Howland Homestead Farm, South Kent, CT

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Our Farm Philosophy
        Howland Homestead Farm's philosophy is difficult to describe.  We often characterize ourselves as "Organic" but aren't "Certified" Organic.  It has never seemed necessary to become certified, as our customers deal with us directly.  To further complicate things, we have no confidence in the current USDA Organic regulations and fear that they will continue to be weakened to favor big business.
        So perhaps we are "Old Organic".  At any rate, we have always practiced "Organic" as a belief system, not as a recipe or as a device to charge higher prices.  We simply raise the kind of food that we ourselves want to eat:  free of chemicals, nutritionally dense, and raised with full awareness of environmental and social consequences.

Cattle:  Our philosophy with regards to cattle, whether for meat or milk is "a cow is a grass-eating animal".  We believe that "grassfed is best" for the land, for the animals, and for the humans that eat the food produced without grain feeding.  There is a growing body of scientific evidence to support the health benefits of grassfed beef (and pink veal), as well as milk and milk products.  For more about the benefits of grassfed, visit  EatWild's website.
        We try to provide an environment for our cattle that allows them to express natural bovine behavior to the fullest extent possible.  We raise them in social groups, on pasture, and basically just let them be cows.  We sell "pink" veal, but this is definitely not the same as caged "white" veal that is the subject of so much controversy (rightly so) by those concerned with humane animal treatment.  Our veal is simply a calf of weaning age that has spent it's life on pasture nursing its mother.

Pigs:  Although our pigs are fed a great deal of grass and other forage, we do raise them in pens.  We have tried pasturing pigs, but abandoned it due to the great amount of damage pigs do to the landscape.  Our compromise is dirt floor pens that allow the pigs to act on one of their strongest instincts, rooting.  We also sometimes keep pigs in the barn in a deeply bedded pen.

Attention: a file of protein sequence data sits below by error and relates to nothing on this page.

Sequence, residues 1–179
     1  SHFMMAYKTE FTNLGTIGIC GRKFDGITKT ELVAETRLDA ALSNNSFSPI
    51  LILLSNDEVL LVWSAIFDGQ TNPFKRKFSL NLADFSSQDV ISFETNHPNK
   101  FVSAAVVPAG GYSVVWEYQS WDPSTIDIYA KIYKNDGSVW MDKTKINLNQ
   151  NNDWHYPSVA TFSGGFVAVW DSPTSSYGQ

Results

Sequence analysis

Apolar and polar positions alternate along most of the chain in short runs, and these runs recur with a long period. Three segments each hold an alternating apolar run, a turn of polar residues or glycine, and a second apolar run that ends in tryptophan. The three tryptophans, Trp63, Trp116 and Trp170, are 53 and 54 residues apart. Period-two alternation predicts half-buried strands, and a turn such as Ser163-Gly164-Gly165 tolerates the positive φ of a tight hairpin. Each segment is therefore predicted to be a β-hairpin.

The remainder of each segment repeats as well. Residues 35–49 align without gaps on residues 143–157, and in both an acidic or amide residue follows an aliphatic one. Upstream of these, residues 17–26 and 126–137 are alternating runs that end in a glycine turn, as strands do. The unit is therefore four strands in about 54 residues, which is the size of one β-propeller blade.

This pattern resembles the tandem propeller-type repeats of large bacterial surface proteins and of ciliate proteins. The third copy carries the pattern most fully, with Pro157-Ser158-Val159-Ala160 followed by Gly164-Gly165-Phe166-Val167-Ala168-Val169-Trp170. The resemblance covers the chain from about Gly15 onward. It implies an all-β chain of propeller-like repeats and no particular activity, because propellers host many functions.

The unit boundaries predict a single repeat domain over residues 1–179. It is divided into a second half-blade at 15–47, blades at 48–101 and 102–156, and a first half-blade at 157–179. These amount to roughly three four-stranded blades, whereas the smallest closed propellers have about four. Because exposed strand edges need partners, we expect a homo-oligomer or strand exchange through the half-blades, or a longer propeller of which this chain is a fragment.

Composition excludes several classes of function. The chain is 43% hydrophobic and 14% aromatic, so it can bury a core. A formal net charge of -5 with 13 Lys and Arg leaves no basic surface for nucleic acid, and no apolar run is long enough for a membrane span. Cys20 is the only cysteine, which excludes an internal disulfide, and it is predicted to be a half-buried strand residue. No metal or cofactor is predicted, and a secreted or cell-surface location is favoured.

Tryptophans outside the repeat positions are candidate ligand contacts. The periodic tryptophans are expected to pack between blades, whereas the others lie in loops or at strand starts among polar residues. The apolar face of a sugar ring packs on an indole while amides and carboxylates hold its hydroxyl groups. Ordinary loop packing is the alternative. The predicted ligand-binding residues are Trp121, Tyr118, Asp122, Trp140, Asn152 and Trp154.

Besides lots of grass, hay, weeds, and garden leftovers, we also feed our pigs milk (from our cows) and Certified Organic corn.  We don't feed free choice, and we don't feed soybeans.  Our goal is to produce healthy, tasty pork with a maximum of forage in their diet.  It takes up to twice as long to raise a pig this way, but we think that it's worth it.

Chickens:  It has been one of our great disappointments to realize the extent to which chickens have become dependent upon specially prepared high protein feeds.  This is true of Heritage breeds as well as commercial breeds.  Raising them without such feed is a great challenge and can take many times as long as doing it "conventionally".  We have tried to breed our own stock to reverse this trend, but have been only moderately successful.
        We let our chickens range for the most part, as most are egg birds at this point and stick close to the barn.  We feed whole corn, cow's milk, and sometimes meat scraps, and they rustle up the rest for themselves.  We do feed some prepared Organic feed to young chicks to get them started.
Snow on the shop roof
The house and shop at daffodil time
Hollyhocks in the garden
Rudbekias in the garden
Tamworth pigs in the window
Tamworth piglets
in the window

Mixed Rudbekias add color to the garden
Snow on the shop roof
Tulips along a white fence
Randall cows in the milking barn
Tulips along a fence
Randall cows in their stantions at milking
Daffodil time
Phil and
Dianne Lang
175 Geer Mountain Road,
South Kent,
CT 06785